Friday, January 28, 2011

Note to Self: Make it PAY!

You remember in The Hunger Games when the tributes all ride their chariots in a parade into--a stadium? Was that what it was? I don't even remember for sure. What I DO remember is how I felt about it.

"Yes! That's so awesome! There's hope for the heroes!"

That's what I call a payoff. It makes the reader feel something good, whether it be exciting, hopeful, poignant or whatever, it's a high point in the story. When you invest your time and emotional energy to read a novel, it's nice to get something back from it. In fact no one (masochists and academics excepted) will read a book that doesn't give them some sort of pleasure. (Forced reading in school excepted, as well.)

The same goes for music. The very best, most listenable songs and compositions follow a pattern veeeery similar to the classic story form.

We all know the story form, right? Well, it's not just a beginnning, middle, and end with a single climax. At least, not in my mind. You see, no one's going to get to the climax if there aren't smaller payoffs all along the way. They can be anything from little oh-that's-cools to full on stand-up-and-cheers.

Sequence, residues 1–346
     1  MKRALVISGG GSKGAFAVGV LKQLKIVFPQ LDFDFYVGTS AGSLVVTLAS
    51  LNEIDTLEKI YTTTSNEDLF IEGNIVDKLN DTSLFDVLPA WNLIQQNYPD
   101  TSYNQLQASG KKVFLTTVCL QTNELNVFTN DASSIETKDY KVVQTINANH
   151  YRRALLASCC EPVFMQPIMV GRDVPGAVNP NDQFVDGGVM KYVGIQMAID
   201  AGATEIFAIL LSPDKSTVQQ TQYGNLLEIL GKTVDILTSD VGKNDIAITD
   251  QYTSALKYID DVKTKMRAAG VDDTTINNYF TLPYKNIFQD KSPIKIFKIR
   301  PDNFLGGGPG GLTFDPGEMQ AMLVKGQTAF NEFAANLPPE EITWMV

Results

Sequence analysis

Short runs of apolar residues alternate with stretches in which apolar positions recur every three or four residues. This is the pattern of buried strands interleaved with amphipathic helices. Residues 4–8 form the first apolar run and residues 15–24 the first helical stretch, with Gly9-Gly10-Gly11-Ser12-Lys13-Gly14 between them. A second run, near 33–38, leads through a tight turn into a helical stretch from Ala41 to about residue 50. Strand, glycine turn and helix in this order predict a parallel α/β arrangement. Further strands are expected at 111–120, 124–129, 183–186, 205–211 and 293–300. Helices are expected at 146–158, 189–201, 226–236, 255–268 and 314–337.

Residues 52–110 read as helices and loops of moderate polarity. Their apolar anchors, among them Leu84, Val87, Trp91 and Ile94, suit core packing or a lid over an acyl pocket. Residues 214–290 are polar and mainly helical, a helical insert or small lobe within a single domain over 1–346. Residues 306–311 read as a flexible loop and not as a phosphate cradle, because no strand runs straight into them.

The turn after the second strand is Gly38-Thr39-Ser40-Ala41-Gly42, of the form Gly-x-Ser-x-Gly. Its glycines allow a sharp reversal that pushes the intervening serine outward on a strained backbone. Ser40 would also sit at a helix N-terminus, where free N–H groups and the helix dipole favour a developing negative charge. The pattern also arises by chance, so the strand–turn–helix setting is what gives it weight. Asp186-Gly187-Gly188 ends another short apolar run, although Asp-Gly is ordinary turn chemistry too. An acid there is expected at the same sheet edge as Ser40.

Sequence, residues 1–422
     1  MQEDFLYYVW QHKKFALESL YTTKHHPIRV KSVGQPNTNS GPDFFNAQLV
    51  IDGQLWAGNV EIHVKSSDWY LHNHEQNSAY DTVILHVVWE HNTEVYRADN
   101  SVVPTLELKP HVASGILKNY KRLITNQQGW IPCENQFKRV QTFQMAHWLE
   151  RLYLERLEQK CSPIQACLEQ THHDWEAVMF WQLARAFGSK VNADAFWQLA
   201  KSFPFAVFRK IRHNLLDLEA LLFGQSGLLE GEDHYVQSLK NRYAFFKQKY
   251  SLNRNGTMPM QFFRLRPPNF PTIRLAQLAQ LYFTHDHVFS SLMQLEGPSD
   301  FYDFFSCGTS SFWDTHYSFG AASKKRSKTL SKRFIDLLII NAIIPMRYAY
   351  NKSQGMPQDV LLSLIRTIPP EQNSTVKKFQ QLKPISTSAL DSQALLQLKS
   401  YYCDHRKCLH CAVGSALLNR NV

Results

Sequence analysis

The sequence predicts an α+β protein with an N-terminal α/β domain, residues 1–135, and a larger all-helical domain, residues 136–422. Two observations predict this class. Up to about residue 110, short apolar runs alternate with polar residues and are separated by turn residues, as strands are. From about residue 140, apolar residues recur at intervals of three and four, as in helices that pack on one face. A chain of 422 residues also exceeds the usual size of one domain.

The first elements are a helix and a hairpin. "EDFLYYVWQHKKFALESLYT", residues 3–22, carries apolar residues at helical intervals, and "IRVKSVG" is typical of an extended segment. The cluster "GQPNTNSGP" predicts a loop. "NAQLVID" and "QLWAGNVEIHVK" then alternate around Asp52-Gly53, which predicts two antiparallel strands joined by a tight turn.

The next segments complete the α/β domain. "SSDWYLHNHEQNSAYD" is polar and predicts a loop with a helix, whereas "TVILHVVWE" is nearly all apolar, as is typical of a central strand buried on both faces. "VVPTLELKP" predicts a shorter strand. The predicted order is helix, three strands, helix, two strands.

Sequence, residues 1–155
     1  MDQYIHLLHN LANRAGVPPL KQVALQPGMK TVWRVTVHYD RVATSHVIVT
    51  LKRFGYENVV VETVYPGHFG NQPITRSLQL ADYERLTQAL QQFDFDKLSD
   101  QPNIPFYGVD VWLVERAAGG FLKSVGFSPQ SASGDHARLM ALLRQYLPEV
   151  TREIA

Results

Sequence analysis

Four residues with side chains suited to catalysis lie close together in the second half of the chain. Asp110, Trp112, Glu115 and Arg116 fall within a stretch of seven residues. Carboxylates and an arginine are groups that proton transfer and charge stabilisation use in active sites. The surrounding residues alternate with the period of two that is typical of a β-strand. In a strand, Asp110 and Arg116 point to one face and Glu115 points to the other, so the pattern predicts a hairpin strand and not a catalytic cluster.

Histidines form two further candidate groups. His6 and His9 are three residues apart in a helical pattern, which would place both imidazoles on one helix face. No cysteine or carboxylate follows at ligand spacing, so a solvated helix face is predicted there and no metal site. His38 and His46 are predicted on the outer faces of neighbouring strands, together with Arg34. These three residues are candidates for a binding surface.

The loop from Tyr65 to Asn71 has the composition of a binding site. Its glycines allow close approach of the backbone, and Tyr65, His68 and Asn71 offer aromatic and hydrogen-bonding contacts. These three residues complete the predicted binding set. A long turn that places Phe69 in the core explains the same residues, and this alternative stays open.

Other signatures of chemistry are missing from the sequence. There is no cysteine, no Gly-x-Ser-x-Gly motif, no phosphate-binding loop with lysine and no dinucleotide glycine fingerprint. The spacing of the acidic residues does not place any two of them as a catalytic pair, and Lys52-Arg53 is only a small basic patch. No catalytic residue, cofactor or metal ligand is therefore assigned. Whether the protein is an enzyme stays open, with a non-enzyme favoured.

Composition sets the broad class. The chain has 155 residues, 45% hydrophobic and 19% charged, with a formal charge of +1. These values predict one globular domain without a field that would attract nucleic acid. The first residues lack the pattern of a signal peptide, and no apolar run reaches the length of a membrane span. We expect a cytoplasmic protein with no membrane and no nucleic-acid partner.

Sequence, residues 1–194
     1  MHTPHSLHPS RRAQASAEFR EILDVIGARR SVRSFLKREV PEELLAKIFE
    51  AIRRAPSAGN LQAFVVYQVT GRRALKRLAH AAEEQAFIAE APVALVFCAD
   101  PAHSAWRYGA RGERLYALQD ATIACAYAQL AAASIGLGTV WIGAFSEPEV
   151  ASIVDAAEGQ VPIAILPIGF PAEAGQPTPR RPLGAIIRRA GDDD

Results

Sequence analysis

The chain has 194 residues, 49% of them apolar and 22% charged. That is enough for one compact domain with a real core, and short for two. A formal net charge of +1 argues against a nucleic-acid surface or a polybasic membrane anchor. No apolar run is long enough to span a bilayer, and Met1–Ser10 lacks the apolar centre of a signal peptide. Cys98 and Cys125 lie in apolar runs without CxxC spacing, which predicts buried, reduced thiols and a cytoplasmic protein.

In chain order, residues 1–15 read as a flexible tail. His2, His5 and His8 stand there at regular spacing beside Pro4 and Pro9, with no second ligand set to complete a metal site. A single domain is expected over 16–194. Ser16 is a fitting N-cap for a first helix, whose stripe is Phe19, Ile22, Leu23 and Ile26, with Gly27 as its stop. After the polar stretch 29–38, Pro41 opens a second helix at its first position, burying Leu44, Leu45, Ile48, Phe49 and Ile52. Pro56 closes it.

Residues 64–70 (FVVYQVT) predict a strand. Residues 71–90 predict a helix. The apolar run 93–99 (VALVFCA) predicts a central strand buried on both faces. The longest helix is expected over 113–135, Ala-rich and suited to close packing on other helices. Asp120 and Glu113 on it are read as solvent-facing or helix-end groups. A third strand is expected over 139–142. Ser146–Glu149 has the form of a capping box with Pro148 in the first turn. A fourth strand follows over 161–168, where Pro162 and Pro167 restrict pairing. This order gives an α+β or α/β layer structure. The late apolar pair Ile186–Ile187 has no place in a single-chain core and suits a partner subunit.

And when they all tie into the mother-of-all-payoffs at the end in a way that the reader doesn't see coming but makes perfect sense when it hits—IT'S TOTALLY RADICAL!

Note to Self:  Give your readers several big climactic scenes throughout the book. (It works out nicely if they're at the end of each part.) Don't save it all for the end or no one will get there. Don't give it all up early! Save the very best for the end, but make them cheer for the hero all the way through the book, even if the hero is getting the snot beat out of herself.

Just as a series of novels each have their own climax, the parts of a novel need their own climaxes, and each chapter, too! It's a flaming fractal!

More about chapters to come.

(Oh, man. I've been dying to use the word "radical" again for like twenty years.)

2 comments:

  1. Radical? That's dope, man. Totally sick.

    On a related note, our dictionary would be pretty bizarre if you included all the slang definitions.

    Sick; (adj); 1:unappealing as in gross or disgusting.
    2: Impressive as in great or amazing.

    ReplyDelete
  2. I agree. I have so little time for reading that I'm not going to waste it on a book that doesn't grab my imagination (or 'pay off') pretty quick.

    ps "masochists and academics" is a little redundant, don't you think?

    ReplyDelete